The Shock Doctrine
The Shock Doctrine
The Rise of Disaster Capitalism
MacMillan Audio, Compact Disc, Abridged, 9781427200884, 7pp.
Publication Date: September 18, 2007
In her ground-breaking reporting Naomi Klein introduced the term "disaster capitalism." Whether covering Baghdad after the U.S. occupation, Sri Lanka in the wake of the tsunami, or New Orleans post-Katrina, she witnessed something remarkably similar. People still reeling from catastrophe were being hit again, this time with economic "shock treatment," losing their land and homes to rapid-fire corporate makeovers.
"The Shock Doctrine" retells the story of the most dominant ideology of our time, Milton Friedman's free market economic revolution. In contrast to the popular myth of this movement's peaceful global victory, Klein shows how it has exploited moments of shock and extreme violence in order to implement its economic policies in so many parts of the world from Latin America and Eastern Europe to South Africa, Russia and Iraq.
At the core of disaster capitalism is the use of cataclysmic events to advance radical privatization combined with the privatization of the disaster response itself. Klein argues that by capitalizing on crises, created by nature or war, the disaster capitalism complex now exists as a booming new economy, and is the violent culmination of a radical economic project that has been incubating for fifty years.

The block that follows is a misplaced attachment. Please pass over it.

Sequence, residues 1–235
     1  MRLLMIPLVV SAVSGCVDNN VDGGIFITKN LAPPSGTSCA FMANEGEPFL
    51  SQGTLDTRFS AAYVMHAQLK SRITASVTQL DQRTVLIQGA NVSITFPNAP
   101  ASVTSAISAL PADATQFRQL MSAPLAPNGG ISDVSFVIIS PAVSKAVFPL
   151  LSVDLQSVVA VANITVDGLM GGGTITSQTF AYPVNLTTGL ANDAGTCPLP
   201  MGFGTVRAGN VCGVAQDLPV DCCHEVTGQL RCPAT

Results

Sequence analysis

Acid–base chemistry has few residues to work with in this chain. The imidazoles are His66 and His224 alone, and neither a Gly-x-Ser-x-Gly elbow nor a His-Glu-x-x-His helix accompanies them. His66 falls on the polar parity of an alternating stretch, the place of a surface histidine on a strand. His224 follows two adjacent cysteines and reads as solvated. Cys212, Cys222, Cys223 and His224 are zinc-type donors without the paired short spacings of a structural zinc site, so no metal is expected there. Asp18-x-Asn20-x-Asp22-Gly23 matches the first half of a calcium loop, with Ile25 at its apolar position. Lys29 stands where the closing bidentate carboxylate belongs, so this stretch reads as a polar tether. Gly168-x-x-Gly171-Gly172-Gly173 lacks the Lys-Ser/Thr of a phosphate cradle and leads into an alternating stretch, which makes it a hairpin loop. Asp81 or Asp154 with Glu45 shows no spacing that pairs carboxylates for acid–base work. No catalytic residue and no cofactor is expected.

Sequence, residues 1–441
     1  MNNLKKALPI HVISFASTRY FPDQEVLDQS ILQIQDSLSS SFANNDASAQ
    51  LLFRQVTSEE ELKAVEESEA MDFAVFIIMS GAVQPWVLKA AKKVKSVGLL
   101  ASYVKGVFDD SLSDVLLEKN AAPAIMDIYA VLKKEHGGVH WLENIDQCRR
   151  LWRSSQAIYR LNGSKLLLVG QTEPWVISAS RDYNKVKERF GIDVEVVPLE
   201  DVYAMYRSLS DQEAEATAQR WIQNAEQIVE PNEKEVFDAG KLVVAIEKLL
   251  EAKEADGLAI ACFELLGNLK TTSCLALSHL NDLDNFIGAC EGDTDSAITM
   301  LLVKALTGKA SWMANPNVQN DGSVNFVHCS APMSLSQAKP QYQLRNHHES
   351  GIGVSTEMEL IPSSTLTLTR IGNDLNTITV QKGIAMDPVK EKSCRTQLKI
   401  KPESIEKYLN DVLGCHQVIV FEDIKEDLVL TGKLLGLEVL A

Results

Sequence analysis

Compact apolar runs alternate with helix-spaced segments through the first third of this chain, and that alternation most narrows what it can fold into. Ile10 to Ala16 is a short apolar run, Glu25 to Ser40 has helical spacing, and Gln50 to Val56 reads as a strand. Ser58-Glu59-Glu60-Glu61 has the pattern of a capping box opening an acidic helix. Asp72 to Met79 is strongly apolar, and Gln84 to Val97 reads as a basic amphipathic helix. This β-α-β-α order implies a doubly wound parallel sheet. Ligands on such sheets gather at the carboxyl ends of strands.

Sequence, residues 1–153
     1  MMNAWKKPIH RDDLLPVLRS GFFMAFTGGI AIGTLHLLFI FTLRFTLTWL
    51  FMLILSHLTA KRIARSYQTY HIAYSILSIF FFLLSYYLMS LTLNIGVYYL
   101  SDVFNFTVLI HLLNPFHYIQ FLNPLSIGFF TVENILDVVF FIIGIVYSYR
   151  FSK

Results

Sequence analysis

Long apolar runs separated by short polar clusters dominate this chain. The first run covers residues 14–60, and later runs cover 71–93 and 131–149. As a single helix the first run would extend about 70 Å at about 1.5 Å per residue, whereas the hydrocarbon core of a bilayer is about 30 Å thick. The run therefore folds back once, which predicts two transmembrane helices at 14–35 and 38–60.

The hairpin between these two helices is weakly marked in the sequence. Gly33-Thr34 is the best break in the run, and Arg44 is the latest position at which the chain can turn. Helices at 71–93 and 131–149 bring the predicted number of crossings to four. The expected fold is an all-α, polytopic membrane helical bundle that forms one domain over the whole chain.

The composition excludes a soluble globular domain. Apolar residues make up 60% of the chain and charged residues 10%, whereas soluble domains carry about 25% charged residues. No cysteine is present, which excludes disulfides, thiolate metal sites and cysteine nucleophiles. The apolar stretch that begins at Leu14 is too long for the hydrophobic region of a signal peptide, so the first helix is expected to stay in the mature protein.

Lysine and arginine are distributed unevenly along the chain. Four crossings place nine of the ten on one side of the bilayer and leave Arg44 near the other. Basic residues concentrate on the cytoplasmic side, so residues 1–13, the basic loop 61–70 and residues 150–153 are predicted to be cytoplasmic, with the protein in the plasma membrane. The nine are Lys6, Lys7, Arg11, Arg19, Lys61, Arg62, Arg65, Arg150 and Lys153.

Jennifer Wiltsie's films includes "Wendigo, Uninvited" and "The Fever" with Vanessa Redgrave. She has guest-starred on HBO's "The Sopranos" and Masterpiece Theatre's "Clarissa". On Broadway she has performed with Matthew Broderick in "Night Must Fall", and her off-Broadway credits include Shakespeare's "Antony and Cleopatra". In London's West-End, she starred in Alan Ayckbourn's revival of "Absurd Person Singular".
Praise for No Logo:
"A movement bible."--The New York Times
"Klein is a sharp cultural critic and flawless storyteller. Her analysis is thorough and thoroughly engaging."--Newsweek.com